This article was originally published in the August 2020 issue of Generation Next Edition
NTEA Generation Next's Brian Guillerault (LinkedIn) provides practical tips on navigating change to come out stronger on the other side.
From Brian: First and foremost, I hope everyone reading this is staying healthy. We’re all going through the struggle of this pandemic together, and it’s so important to discuss ways to help each other.
The Greek Philosopher Heraclitus said, “The only constant in life is change.” I could not think of a more relevant quote given the current state of the world. January seems like a lifetime ago; we started 2020 on a high note, then the coronavirus hit, and everything changed. It changed the way we communicate, it changed the way we do business, and it changed the way we live.
How has the pandemic affected how you work?
I think the pandemic has changed the way that everyone works across the board. Although many of us moved to remote work, others continue to go to the office every day. Personally, I worked remotely for the first few months of the pandemic, then I started going back into the office a few days per week in July.
I have experienced both sides, and this has served to reinforce the importance of clear communication. Whether you’re on a conference or video call, or in a socially distant in-person meeting, you need to communicate in a clear and concise manner. When in doubt, be as specific as possible with your explanations. If you do not understand something or need more clarification, ask questions until things are clear. It’s much better to take an extra five minutes in a meeting to make sure everyone is on the same page, versus having a follow-up meeting to rehash topics that were already discussed.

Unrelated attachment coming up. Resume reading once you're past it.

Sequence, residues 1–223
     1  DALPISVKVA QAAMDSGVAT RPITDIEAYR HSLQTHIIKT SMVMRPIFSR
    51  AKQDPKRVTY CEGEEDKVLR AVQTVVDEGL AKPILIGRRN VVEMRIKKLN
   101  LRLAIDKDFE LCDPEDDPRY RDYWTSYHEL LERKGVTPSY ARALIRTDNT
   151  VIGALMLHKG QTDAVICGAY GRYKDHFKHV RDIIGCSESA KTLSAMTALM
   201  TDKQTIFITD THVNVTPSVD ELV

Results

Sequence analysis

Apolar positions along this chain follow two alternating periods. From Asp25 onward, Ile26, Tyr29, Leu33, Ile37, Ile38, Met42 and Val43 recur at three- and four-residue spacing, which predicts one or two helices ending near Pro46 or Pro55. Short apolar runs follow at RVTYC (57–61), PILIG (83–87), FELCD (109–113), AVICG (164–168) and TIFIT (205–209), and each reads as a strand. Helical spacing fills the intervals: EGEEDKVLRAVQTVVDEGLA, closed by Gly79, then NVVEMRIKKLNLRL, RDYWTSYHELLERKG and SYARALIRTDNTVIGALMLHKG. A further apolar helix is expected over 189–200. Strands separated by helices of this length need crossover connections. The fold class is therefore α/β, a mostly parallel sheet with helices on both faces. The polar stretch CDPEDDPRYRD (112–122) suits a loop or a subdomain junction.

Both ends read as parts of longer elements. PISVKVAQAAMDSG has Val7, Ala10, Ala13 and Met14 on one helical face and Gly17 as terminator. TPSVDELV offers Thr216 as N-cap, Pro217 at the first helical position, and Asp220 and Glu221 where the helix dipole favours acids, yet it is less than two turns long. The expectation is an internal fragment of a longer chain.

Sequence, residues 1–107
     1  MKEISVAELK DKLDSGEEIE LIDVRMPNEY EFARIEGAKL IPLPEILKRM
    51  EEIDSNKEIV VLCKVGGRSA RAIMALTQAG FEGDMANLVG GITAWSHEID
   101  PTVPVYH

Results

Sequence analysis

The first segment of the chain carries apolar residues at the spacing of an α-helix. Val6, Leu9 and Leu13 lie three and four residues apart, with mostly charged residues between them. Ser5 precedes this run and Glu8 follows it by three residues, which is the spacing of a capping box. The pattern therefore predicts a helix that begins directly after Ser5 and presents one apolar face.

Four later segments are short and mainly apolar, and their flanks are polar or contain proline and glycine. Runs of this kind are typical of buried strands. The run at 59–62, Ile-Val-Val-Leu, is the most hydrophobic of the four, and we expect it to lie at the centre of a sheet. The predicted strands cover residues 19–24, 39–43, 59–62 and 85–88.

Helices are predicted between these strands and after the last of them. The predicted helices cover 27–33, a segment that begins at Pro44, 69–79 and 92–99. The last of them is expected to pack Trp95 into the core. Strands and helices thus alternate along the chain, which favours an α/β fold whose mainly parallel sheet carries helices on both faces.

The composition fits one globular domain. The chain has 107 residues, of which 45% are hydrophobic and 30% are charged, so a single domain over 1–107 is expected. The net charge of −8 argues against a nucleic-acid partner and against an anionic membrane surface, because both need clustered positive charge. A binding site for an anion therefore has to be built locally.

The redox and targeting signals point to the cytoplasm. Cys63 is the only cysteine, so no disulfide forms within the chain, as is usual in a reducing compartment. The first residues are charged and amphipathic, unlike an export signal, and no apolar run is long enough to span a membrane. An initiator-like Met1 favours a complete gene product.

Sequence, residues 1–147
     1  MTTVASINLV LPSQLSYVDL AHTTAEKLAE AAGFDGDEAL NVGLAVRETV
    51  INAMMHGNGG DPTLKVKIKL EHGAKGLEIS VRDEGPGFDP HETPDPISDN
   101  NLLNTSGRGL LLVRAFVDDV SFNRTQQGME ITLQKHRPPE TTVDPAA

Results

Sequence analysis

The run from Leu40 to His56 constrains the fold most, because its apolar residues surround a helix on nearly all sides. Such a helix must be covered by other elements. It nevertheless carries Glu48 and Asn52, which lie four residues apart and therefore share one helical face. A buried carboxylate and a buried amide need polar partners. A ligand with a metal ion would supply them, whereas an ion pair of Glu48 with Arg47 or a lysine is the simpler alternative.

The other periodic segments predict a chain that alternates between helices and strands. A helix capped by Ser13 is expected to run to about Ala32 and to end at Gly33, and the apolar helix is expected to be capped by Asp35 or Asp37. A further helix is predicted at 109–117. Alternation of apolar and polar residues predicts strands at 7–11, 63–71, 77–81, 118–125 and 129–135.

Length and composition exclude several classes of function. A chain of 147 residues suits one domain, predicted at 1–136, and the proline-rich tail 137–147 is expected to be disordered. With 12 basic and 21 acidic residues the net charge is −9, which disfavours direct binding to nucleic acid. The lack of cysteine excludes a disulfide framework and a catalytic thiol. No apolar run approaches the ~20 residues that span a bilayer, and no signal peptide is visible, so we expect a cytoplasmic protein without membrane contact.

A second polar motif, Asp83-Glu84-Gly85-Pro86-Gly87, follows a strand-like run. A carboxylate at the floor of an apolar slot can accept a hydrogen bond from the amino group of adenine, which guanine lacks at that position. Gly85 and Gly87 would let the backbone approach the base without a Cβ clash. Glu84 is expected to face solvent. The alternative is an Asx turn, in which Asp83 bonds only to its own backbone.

What's your best advice on how to best respond to change? How do you adapt?
I think the best defense is a good offense. You should always look to be creative and innovate; this goes for all functions – not just sales and marketing. Right now, the status quo is dangerous, and it can mean disaster for your business.
Moments like these require constant innovation; take a hard look at all aspects of your business and see if there are safer and more efficient ways to operate. Sample questions to ask yourself:
- Are our safety policies comprehensive enough?
- Is the messaging on our website clear enough?
Finally, I also believe that we need to have humility to fully deal with and accept change. If we cannot see that there may be a better way to do things, then it’s very hard to change or deal with changes as they arise.
What are some positive takeaways or opportunities coming from the pandemic?
After this is over, I think we will be tougher and more resilient. If we can get through this, it will feel like we can get through anything. The pandemic should naturally force us to take a step back and reflect on what is really important in our lives and in our businesses.
Are there friends, family members, old colleagues, or customers that we have not talked to in a while? This is a great opportunity to reach out and give them a call or shoot them a text, just to say that you hope they’re doing well and that you’re thinking about them. Just because we have to socially distance, it doesn’t mean that we can’t show kindness and help each other out.
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